For more information, read our guide about LLC protection in New York.
Like sole proprietorships and general partnerships, LLCs are “pass-through” entities. This means they aren’t subject to corporate taxes and, instead, the profits are passed to the owner’s personal income.
This person must then pay federal income taxes based on that. This is in contrast to most corporations, whose profits are taxed at the corporate level and again when they’re distributed to the individual shareholders.
Single-member LLCs assume the tax status of a disregarded entity, while multi-member LLCs assume the partnership’s tax status. A disregarded entity is a business with only one owner that isn’t considered separate from the owner for federal income tax purposes.
One thing to know about New York is that it imposes an annual filing fee for single-member and multi-member LLCs. Filing fees will differ for each entity as it is based on your LLC’s gross income from the previous tax year. If the LLC hasn’t earned income and has no gains, losses, or deductions from the state, then you won’t be required to pay a fee.
Additional tax information for New York LLCs includes:
Additionally, LLCs often elect to be taxed as an S corporation. This classification is typically more difficult to obtain and results in more scrutiny by the IRS. However, the effort may be well worth it since it can save a lot of money in self-employment taxes for certain LLCs. Double-taxation would still be avoided in this situation.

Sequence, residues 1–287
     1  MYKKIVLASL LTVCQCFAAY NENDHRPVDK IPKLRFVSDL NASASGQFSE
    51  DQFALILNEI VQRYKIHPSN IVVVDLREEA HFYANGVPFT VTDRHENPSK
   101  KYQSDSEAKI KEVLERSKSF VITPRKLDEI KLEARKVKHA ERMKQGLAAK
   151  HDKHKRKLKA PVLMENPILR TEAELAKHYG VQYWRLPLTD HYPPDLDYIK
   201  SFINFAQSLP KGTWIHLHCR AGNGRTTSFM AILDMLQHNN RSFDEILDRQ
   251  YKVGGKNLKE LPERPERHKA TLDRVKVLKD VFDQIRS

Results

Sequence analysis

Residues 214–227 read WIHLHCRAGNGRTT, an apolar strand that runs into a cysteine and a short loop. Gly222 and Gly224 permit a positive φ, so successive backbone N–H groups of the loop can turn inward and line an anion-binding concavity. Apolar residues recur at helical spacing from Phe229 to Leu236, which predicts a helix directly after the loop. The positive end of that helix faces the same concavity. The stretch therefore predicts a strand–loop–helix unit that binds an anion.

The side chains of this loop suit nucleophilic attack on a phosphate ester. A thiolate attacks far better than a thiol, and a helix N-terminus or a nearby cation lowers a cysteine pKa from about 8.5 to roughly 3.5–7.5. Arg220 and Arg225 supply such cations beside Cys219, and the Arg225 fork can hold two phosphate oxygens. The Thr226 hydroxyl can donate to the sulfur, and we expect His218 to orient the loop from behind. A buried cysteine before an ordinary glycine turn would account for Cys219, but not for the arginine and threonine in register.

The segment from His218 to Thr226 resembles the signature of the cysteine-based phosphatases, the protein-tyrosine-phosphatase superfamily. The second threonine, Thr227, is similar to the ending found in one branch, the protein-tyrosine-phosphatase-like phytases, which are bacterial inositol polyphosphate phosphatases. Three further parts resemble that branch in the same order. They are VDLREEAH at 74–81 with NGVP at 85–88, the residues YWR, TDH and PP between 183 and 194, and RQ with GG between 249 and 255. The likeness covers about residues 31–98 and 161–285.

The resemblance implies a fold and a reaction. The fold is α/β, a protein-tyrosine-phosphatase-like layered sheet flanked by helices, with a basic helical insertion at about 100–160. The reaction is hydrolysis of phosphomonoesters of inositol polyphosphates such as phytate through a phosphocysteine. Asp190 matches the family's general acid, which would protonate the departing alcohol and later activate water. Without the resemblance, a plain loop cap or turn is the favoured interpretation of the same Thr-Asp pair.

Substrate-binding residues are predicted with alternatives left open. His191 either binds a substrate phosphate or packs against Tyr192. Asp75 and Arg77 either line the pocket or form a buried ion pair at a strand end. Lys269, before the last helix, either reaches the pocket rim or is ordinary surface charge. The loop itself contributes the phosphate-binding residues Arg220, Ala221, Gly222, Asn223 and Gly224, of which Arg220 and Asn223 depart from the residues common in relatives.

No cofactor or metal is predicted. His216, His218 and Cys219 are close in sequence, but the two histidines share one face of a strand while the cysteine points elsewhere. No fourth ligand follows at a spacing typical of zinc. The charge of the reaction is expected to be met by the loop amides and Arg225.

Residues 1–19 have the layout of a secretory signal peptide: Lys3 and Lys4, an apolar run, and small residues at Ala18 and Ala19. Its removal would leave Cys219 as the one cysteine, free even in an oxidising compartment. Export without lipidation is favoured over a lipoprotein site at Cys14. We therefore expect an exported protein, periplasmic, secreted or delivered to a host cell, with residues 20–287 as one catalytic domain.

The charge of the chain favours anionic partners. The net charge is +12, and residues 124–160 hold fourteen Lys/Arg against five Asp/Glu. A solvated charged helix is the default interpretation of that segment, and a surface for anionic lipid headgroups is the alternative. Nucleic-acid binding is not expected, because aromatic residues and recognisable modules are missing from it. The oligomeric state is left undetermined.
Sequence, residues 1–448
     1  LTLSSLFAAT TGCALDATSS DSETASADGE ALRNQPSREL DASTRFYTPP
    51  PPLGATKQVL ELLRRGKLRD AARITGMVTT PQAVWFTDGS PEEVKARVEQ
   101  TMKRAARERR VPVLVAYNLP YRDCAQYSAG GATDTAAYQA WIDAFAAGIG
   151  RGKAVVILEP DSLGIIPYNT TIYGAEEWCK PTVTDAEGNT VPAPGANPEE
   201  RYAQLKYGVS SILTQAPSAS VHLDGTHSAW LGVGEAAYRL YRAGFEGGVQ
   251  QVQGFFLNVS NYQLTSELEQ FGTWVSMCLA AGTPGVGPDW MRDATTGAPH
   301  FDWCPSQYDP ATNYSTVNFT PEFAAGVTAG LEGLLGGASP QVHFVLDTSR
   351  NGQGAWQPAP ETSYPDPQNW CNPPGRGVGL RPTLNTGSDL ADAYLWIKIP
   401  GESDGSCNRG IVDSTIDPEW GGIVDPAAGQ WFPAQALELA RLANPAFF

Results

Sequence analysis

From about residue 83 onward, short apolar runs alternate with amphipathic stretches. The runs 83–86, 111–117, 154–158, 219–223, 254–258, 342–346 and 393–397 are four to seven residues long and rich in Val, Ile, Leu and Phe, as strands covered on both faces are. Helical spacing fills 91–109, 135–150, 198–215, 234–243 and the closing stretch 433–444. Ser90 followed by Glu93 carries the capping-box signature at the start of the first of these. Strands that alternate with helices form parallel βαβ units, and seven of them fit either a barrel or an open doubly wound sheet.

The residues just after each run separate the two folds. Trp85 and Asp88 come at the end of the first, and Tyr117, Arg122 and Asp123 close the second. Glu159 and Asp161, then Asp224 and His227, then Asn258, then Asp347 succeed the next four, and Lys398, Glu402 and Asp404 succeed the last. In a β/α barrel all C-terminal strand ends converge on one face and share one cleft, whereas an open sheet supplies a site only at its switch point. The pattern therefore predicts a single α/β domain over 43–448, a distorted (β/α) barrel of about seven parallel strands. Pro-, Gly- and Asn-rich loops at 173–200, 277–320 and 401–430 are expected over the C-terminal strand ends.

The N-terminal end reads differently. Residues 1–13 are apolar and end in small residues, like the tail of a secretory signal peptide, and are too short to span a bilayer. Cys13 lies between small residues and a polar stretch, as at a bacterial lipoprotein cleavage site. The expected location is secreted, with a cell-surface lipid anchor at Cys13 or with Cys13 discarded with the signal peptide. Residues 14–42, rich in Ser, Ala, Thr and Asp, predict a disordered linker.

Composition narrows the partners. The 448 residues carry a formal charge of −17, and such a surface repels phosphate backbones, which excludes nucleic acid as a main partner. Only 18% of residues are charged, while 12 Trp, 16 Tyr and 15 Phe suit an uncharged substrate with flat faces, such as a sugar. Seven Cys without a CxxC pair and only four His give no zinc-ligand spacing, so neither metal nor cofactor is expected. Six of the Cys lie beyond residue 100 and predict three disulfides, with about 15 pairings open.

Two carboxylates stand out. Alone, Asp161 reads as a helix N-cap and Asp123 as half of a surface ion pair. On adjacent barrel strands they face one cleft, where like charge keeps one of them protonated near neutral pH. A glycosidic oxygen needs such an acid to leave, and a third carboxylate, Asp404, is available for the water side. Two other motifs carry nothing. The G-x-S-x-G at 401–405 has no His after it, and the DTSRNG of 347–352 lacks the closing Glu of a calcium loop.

Our S corp service can help you if you want to form a New York LLC with S corp status.
The New York Department of Taxation and Finances website has more information about state taxes.
The typical processing time to process a New York LLC’s Articles of Organization is seven business days according to New York’s Business Express website. Expedited service is available, from same day processing to two-hour processing, for an extra fee.
New York does not require you to file an operating agreement with the state. However, you will be required by law to have an operating agreement for your records.
By default, the IRS will tax your LLC as a sole proprietorship, also known as a disregarded entity, if there is only one member. If there are multiple members, then it’ll be taxed as a general partnership by default. You also have the option of being taxed as a corporation.
S corporations, specifically, are an appealing tax status for some LLCs but do tend to get more attention from the IRS and are harder to obtain. Be sure to consult with an accountant to better help you understand and decide which tax structure is best for you.
New York does not allow a Series LLC option. A Series LLC consists of one main LLC under which other LLCs are formed. The main LLC controls the ones underneath it despite these entities being treated separately with their own assets and members.
If you decide to dissolve your LLC in New York, then you’ll be required to submit Articles of Dissolution with the Department of State. The articles must be filed within 90 days of deciding to dissolve or wind down service for your LLC.